The species no longer exists in countries to the west of India where the numbers were never large. But the notable contrast was between South as well as Southeast Asia and China. As Mark Elvin has argued, there was an inverse relationship between the Han Chinese settlements (and their rice paddies) and the existence of elephants. The spread of cultivation was often accompanied, if not preceded, by the annihilation of elephants.

Elvin goes so far as to speak of a 3,000-year war with nature in China in which the destruction of the elephant was central to human conquest and domination of the landscape. Not all humans were complicit: the tribal people of southwest China (where a few elephants still survive) had ritual and religious associations with the animal. For most other Chinese, the great beast was an antagonist, not an ally of State formation. The density of numbers of elephants in much of China was low but as Elvin shows the range was once vast. 

Two contrasts seem clear in the long-term histories of Southern Asia and China. China’s elephants were sometimes tamed and used for ceremonial purposes, but not on battlefields. Those in power in South and Southeast Asia had reason to keep herds alive and some habitats intact. The Arthashastra was clear on the punishment to be meted out to an elephant poacher: the death sentence. 

The second is a related point. Except among hill and tribal people in South Asia, elephants were not and are not killed for food. By contrast, Chinese delicacies included the trunk of the animal, with the recipe being recorded by scribes.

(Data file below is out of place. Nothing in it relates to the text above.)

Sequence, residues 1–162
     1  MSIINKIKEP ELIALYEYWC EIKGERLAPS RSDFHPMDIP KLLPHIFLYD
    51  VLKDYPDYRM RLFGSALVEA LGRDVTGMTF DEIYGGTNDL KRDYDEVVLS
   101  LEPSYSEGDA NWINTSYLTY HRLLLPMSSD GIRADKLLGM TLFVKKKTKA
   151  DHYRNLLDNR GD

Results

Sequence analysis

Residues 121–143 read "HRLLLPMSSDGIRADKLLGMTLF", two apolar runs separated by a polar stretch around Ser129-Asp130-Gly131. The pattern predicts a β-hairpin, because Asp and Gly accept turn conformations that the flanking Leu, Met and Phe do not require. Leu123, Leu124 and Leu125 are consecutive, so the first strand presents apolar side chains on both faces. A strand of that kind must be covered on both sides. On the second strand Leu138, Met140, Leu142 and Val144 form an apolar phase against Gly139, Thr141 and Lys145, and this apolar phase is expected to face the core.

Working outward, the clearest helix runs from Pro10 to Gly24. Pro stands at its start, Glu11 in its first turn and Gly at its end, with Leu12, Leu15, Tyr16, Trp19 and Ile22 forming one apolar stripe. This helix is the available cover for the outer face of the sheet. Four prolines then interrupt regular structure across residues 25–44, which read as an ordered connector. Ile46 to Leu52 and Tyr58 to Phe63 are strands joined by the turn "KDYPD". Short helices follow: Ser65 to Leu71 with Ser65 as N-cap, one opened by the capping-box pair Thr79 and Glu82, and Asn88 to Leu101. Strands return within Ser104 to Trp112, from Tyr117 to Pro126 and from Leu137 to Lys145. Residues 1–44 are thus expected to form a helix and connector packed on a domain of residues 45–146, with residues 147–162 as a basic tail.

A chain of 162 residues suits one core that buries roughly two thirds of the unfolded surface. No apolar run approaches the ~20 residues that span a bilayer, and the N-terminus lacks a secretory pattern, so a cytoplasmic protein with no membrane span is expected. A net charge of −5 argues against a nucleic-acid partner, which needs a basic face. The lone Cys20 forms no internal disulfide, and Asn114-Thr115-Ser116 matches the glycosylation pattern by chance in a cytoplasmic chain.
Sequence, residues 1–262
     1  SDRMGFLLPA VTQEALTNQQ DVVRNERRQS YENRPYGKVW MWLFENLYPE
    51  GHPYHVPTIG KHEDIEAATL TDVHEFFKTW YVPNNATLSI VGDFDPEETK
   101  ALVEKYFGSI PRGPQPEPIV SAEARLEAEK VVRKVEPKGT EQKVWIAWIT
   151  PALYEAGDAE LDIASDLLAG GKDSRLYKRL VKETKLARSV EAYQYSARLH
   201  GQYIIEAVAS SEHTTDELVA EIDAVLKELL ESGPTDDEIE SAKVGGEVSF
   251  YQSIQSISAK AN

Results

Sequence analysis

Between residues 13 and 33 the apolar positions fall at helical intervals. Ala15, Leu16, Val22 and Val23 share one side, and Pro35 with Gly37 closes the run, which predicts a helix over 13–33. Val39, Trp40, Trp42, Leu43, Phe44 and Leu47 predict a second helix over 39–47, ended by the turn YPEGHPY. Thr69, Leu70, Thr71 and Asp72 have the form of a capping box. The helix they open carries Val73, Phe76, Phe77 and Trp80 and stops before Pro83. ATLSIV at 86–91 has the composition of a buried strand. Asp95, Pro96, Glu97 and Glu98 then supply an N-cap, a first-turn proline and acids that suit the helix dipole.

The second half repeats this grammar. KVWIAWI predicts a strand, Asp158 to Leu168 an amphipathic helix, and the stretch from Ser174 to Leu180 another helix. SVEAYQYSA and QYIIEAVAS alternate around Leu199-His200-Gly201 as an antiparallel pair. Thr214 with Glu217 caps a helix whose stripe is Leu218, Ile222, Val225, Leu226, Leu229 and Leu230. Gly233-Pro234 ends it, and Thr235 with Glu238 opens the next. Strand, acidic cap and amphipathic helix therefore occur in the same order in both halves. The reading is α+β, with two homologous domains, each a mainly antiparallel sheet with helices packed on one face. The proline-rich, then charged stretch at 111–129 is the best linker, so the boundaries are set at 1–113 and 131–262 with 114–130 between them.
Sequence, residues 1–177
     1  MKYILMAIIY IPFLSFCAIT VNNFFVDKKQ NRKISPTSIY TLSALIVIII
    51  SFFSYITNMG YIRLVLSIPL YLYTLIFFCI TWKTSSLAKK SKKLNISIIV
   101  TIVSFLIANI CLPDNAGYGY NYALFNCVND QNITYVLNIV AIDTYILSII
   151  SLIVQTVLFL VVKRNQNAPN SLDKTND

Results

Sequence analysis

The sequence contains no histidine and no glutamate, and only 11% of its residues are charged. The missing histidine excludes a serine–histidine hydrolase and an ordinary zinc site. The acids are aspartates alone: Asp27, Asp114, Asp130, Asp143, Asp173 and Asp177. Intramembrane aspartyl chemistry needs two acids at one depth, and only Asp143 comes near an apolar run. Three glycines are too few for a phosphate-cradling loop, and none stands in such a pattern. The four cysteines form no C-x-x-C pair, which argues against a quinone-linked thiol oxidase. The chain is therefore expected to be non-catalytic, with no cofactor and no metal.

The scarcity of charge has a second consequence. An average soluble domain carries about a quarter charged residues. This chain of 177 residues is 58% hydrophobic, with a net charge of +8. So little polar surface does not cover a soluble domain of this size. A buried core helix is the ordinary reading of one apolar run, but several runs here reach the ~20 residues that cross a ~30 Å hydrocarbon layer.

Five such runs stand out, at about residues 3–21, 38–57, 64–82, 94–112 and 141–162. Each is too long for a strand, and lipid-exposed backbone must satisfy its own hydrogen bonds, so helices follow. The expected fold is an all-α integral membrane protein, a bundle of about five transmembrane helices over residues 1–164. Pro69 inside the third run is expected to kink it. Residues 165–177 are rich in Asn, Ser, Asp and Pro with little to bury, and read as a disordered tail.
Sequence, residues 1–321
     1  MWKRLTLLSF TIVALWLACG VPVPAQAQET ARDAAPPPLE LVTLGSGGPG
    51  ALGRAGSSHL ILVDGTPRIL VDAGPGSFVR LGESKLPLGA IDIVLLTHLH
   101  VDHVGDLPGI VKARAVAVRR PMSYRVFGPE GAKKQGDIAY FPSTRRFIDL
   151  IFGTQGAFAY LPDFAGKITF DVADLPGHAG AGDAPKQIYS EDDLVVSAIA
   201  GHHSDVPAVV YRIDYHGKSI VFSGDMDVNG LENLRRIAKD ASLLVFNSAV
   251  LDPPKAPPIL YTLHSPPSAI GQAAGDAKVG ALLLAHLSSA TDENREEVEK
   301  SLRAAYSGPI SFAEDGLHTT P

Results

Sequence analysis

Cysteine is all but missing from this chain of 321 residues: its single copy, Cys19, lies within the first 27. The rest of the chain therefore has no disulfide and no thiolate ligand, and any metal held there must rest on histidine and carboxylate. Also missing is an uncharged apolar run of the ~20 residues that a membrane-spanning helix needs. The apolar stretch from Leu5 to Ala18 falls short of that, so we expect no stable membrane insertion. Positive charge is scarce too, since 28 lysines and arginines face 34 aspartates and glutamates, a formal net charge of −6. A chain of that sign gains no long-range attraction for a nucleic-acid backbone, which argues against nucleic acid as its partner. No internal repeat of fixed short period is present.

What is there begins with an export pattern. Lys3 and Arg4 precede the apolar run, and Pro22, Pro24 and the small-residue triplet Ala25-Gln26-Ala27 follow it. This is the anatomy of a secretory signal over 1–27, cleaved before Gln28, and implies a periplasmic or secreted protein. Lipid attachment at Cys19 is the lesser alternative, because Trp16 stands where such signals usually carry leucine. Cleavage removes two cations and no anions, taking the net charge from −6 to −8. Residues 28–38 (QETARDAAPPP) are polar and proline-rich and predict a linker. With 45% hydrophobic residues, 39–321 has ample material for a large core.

It is equally interesting that except for a brief period — during the rule by the East India Company — elephants were not hunted or shot in India. The relatively short phase of sport hunting came to an end in 1873 in Madras Presidency that passed an elephant preservation Act. A similar enactment was made for all of British India six years later.

These laws allowed for shooting in self-defence and also by tea or coffee planters in Assam and in the south, but it was still a legislation of global significance. Individual animals could be a threat if they turned rogue and were trapped or killed. 

It would be anachronistic to imagine a species being preserved in the 21st century sense. It was not under total protection to live its life in the wild. In fact, the aim was to secure supplies for war and more so for timber work.